Speaking of country radio, specifically country radio in Texas, Leslie T. was talking about 99.5 The Wolf some time ago on her blog, quoting Texas Made Music:
"Everyone was wondering what John Sebastain would do when he took over as program director at 99.5 The Wolf in Dallas. Many of us have feared that he would go more mainstream Country and program less Texas Music. This week he discussed his plans to Country Aircheck on changes at the Wolf. His goal is to become a 35-44 demo vs the old 18-30 demo. He blames the ratings decline on too many promotions, not playing some national releases and too much talk with air personalities. He has changed the news time, put in more songs and less promotions. We are now hearing more Patsy Cline, Garth Brooks vs. Kevin Fowler, Deryl Dodd, Robert Earl Keen, etc. It's a sad day. Cody Allen resigned last week over the new direction."

And that's a damn shame, too. 99.5 the Wolf had a great thing going on in D-FW with that Texas-centric approach, even if their calling EVERYTHING they played "Texas country" was grating. The last time I listened to the Wolf was back in mid-June and even then I knew something was different -- as in less of the Texas music. I don't know how the ratings were doing before, but they'd been doing well for a long time from what I understand. So I just can't see the reasons for the ratings decline having as much to do with not playing some national releases -- you could probably reasonably translate that as playing too much Texas music -- as it being just one of those periodic downturns. I found this comment at interesting:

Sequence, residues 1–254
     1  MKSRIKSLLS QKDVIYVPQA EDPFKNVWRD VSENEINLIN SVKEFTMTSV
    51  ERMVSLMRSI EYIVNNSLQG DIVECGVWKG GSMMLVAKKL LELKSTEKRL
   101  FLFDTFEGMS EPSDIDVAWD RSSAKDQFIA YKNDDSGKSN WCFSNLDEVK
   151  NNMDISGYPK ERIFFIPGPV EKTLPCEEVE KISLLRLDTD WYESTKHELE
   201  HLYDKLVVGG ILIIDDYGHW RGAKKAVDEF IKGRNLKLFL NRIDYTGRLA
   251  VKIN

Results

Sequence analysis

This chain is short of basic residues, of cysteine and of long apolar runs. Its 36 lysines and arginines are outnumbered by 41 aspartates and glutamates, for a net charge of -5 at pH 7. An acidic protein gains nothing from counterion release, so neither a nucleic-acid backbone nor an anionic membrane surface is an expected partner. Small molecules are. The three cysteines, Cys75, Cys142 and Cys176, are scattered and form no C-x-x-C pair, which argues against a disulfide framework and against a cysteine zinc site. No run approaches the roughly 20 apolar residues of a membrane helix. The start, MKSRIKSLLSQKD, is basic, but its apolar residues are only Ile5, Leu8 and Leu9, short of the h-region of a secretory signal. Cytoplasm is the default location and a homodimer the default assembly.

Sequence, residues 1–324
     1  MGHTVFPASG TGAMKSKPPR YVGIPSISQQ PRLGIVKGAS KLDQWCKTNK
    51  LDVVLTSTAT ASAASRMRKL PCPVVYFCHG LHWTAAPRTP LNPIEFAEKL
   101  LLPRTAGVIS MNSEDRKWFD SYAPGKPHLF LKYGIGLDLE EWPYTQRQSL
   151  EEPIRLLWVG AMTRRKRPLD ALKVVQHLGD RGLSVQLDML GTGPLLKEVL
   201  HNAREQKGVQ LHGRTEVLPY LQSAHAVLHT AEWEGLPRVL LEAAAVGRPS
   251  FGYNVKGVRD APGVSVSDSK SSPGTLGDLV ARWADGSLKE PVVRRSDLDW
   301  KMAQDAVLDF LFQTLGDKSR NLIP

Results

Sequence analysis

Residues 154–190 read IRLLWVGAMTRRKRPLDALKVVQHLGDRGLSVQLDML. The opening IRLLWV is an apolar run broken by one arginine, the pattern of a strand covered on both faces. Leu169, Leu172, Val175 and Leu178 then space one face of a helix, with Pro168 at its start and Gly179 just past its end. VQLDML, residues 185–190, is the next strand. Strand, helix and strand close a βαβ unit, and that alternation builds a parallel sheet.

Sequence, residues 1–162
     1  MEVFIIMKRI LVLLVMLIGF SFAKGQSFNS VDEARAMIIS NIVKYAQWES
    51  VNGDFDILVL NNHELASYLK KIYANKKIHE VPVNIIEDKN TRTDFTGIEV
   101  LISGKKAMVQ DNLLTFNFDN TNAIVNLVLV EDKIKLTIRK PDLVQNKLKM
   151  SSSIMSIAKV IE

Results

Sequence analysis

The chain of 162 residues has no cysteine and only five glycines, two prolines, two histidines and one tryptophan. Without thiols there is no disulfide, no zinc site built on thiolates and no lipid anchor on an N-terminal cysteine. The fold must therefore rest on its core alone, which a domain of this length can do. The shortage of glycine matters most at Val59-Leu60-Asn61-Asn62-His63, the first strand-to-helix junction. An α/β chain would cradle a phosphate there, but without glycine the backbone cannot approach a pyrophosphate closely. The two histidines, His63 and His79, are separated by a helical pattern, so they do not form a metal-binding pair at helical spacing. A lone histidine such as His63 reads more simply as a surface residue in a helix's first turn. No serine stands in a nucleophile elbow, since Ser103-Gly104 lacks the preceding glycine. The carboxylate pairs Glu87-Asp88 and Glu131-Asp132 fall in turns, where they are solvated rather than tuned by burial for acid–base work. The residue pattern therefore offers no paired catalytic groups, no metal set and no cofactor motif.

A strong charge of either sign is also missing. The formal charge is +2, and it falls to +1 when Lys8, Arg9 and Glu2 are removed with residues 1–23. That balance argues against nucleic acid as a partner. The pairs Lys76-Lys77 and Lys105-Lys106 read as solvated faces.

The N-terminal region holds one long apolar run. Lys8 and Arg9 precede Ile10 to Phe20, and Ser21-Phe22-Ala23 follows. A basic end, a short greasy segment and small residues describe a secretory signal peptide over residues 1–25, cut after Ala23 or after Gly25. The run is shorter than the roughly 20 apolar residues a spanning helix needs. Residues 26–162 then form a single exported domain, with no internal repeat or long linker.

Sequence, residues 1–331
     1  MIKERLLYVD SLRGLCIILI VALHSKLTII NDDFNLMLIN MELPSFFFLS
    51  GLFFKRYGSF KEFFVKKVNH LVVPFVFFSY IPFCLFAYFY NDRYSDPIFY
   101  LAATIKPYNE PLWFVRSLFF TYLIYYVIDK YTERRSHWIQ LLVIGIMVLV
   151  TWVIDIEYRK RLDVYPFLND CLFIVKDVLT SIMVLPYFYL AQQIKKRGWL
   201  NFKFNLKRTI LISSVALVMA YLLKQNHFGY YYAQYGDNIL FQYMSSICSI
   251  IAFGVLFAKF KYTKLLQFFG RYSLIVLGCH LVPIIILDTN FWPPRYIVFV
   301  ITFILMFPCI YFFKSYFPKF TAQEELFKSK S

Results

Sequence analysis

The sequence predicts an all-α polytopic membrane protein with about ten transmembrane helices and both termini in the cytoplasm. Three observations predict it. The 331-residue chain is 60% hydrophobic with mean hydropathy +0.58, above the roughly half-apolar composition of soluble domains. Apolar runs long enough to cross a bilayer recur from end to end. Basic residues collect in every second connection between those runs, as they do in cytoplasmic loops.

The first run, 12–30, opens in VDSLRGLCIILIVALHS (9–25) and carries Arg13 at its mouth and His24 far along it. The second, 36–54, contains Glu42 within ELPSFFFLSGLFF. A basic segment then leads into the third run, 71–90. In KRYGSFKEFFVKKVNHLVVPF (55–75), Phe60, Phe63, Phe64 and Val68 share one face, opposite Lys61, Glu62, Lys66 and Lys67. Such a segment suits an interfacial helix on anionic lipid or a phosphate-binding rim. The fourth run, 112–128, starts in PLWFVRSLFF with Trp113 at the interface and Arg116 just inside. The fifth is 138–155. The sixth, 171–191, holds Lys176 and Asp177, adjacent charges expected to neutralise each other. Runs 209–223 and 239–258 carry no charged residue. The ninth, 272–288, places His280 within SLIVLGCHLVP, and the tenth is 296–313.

Personally, I think KPLX has run off listeners (me included). It started about 2 years ago (even before Cumulus took over and the DJs were all changed), when the music was changed. We live in Texas. People in Texas want a country music station that sounds like it is from Texas. For the last 2 years, the music has been changed to a generic country station playlist that is indistinguishable from a country music station in Miami, Portland, Boston, or Des Moines. If KPLX listeners wanted to hear a Yankee country music station, they could listen to KSCS. I don't think the a lot of Wolf listeners wanted a KSCS clone; if they liked KSCS, they would be listening to it already.
I wonder how many country music fans and radio listeners in Dallas-Ft. Worth feel the same way. Judging from the stagnant ratings for The Wolf it seems quite a few. I dunno, maybe it'll take a little longer to see how the aforementioned changes at The Wolf fully affect the ratings, but my wild-arsed guess is that if anything they'll be even worse -- if not in the short run, definitely in the long run. As I said at Leslie T's place, I used to think the Wolf was the best major-market country station in the country. I am sorry to say I don't think that anymore. From what I've heard, I'd have to say KILT beats them now. Even if they don't play as much Texas music as some of the smaller-market stations do, what Leslie T. does on Sunday nights is hard to beat. And judging from the feedback she gets, I don't know why KILT couldn't get away with putting more of the Texas stuff into regular rotation. I don't know if they ever will, but we'll see...